Saturday, March 15, 2008

Getting Blood from Stone

(Editor’s note: This is the first installment of a two-part report from Ali Karim about the recent Penguin crime-fiction party. The second part can be found here.)

Many of you know how fond I am of British author Nick Stone. I loved the scary imagination he displayed in his 2006 novel, Mr. Clarinet, and I went on to interview him for the Webzine Shots. Nowadays, his is a familiar name in crime-fiction circles, as he’s won both the Crime Writers’ Association’s Ian Fleming Steel Dagger Award and the International Thriller Writers’ coveted Debut Thriller Award.

Earlier this week, I had the opportunity to sit down and chat with Stone, just prior to a party we were both attending in honor of publisher Penguin’s crime-writing stable. (More on those festivities later.) Together with my Shots colleagues Mike Stotter and Mike Ripley (the latter of whom is shown above, in the mustache, with Stone), I met up with the 41-year-old author at the Marques of Granby pub in Shaftesbury Avenue. Over a few rounds of beers and nuts, he and I discussed his 2007 second novel, King of Swords (which will be released later this year in paperback in Britain, and in hardcover in the States) his second home in Miami, and his fervid interest in American politics.

Ali Karim: I just heard that Mr. Clarinet is in the running for a Gumshoe Award. Considering all of the commendations your first novel received, did you feel at all pressured in composing the follow-up, King of Swords?

Nick Stone: That’s a real honor, being nominated for the Gumshoe, a real honor. No, I didn’t really feel any pressure at all with King of Swords. I was already well into it when Mr. Clarinet came out, and the book had really taken on a life of its own--very distinct from the previous book, despite the recurring characters.

AK: King of Swords is set in Miami, Florida. Tell us, why do you like that area of the United States?

NS: I love Miami. Absolutely love it. Miami is my lady, to paraphrase a Sinatra song. Where to begin? It’s quite unlike any city in the U.S. It’s a melting pot of cultures--Latin, Jewish, Haitian, and the Deep South. It’s loud, brash, vulgar, transient. It’s like waking up in P. Diddy’s idea of heaven. It’s always shedding its skin, too, like a snake on speed. And there’s this energy to it, too, this immediacy. But that’s just Miami Beach. Miami is really two separate cities joined together by bridges. Once you get to mainland Miami, it’s very, very different. There are the great Cuban and Haitian neighborhoods, Little Havana and Little Haiti, which I can’t recommend enough. For me, Little Haiti is a home away from home. And then there are the two black areas, Overtown and Liberty City, which are both pretty rundown and violent. But drive a few blocks up the road and you’re in Coconut Grove or Coral Gables, which are very affluent.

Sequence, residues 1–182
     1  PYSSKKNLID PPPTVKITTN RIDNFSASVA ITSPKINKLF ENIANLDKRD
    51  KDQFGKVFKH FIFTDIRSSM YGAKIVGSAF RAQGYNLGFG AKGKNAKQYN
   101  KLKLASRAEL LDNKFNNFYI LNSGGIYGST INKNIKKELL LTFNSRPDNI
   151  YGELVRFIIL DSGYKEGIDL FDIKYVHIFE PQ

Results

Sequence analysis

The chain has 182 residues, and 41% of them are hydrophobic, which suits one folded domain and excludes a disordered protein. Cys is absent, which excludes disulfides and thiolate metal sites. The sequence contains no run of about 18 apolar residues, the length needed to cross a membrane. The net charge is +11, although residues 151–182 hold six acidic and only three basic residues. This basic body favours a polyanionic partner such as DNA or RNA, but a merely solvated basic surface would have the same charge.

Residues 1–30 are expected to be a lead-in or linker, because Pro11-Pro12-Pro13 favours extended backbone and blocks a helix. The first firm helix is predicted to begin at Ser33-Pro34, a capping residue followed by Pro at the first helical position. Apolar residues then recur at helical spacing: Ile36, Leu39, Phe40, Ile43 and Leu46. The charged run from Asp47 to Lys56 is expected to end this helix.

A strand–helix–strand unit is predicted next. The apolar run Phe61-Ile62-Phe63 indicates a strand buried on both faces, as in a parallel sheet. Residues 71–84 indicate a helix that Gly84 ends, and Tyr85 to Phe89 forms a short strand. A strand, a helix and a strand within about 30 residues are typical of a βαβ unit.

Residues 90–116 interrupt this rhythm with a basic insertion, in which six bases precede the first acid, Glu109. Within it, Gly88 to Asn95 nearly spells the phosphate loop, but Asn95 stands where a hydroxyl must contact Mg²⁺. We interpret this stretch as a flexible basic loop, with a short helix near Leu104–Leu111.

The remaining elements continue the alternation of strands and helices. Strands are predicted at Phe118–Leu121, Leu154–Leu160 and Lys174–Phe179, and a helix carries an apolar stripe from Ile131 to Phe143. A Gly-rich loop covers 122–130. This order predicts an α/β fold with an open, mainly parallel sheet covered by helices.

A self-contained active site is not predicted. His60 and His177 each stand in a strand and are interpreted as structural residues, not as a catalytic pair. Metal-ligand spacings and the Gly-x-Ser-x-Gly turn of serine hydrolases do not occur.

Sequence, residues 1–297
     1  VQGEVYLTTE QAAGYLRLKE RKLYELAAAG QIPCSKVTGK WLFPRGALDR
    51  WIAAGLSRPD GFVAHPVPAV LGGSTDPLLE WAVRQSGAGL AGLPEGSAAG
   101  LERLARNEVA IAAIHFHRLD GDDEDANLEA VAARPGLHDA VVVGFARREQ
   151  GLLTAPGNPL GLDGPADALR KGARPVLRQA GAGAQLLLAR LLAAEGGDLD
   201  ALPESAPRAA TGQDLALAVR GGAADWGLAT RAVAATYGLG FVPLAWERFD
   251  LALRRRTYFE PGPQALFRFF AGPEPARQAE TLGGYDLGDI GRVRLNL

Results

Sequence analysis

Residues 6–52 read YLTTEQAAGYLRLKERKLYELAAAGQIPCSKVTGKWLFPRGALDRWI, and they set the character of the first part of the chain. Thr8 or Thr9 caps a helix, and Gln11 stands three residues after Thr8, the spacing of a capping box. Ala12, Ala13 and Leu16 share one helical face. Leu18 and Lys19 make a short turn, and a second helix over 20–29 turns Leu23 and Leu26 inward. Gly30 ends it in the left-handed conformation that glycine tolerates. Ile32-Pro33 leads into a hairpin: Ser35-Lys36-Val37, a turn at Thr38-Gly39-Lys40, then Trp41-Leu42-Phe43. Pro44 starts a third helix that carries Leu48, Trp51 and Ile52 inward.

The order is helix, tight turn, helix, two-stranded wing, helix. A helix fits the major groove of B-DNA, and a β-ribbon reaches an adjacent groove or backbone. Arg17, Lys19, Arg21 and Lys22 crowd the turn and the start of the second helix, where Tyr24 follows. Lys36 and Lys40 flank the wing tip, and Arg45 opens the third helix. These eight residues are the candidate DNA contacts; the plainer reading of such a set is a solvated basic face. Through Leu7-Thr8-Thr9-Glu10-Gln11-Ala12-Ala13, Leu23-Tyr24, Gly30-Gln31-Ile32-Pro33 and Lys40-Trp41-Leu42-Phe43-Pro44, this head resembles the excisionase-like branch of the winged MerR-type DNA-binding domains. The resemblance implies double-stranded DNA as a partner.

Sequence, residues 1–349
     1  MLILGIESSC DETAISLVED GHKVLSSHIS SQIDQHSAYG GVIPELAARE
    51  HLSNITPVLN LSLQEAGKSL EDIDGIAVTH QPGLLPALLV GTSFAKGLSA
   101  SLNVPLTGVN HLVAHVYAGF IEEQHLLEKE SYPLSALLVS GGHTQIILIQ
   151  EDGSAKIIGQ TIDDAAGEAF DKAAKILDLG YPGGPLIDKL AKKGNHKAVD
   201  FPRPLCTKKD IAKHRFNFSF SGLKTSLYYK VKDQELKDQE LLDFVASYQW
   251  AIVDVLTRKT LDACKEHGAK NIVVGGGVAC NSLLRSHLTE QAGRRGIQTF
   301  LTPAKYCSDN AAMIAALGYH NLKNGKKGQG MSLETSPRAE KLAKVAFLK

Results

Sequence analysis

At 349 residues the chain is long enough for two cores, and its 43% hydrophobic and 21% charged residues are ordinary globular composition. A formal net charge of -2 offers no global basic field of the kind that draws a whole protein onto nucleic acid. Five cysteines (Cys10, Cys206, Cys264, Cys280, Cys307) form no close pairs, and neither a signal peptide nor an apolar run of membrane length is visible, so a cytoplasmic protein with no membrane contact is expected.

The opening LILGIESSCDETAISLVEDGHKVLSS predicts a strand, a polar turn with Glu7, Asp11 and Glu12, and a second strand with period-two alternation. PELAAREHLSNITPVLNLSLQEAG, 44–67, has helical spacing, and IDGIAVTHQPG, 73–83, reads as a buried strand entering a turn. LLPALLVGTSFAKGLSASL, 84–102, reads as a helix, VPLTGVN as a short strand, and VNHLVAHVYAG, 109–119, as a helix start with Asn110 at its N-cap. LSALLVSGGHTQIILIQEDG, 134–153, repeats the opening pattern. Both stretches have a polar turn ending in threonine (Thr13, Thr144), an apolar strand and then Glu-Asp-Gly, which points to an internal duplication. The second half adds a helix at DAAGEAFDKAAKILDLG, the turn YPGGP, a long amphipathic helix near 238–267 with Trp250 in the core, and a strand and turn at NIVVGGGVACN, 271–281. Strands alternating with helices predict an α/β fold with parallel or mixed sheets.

King of Swords is set in Miami between 1980 and 1982, when it was the cocaine and murder capital of the world. Although the whole of the U.S. was going through a crippling recession then, Miami was immune because the cocaine billions kept it afloat.

AK: King of Swords is a prequel to Mr. Clarinet. Did you worry about the back-story for private eye Max Mingus and his partner, Joe Liston, as well as his nemesis, Solomon Boukman? I ask this, because very little was explained in your debut.

NS: I’d already written some of Max’s back-story in the first draft of Clarinet, but I cut it for pacing reasons. I’d pretty much worked out where the character had been before.

AK: And the visceral elements? Did you worry about the violence, with King of Swords being just as brutal as Mr. Clarinet?

NS: I didn’t think Clarinet was that violent. The violence in King of Swords is really a reflection of the environment the book is set in. Early ’80s Miami was one of the most dangerous places on earth. The body count was so high, they ran out of morgue space and had to hire refrigerated trucks from Burger King to store the bodies. I’m not making that up.

AK: There is a 1980s Scarface feel to the proceedings in King of Swords, so can I assume that Brian DePalma’s cult film was an influence on you?

NS: I love Scarface, but it wasn’t much of an influence on King of Swords. Besides, most of Scarface wasn’t even filmed in Miami, because of local protests. This is very ironic, because now, whenever you go to Miami, all you see is Scarface merchandise on sale everywhere--beach towels, T-shirts, thongs, flip flops, bras, ashtrays.

AK: There are numerous references in your books to Bruce Springsteen. Seriously, how deep does your love of Springsteen run?

NS: When it comes to The Boss, I’m a huge fan. I have been for 20 years. I’m seeing him twice in London in May.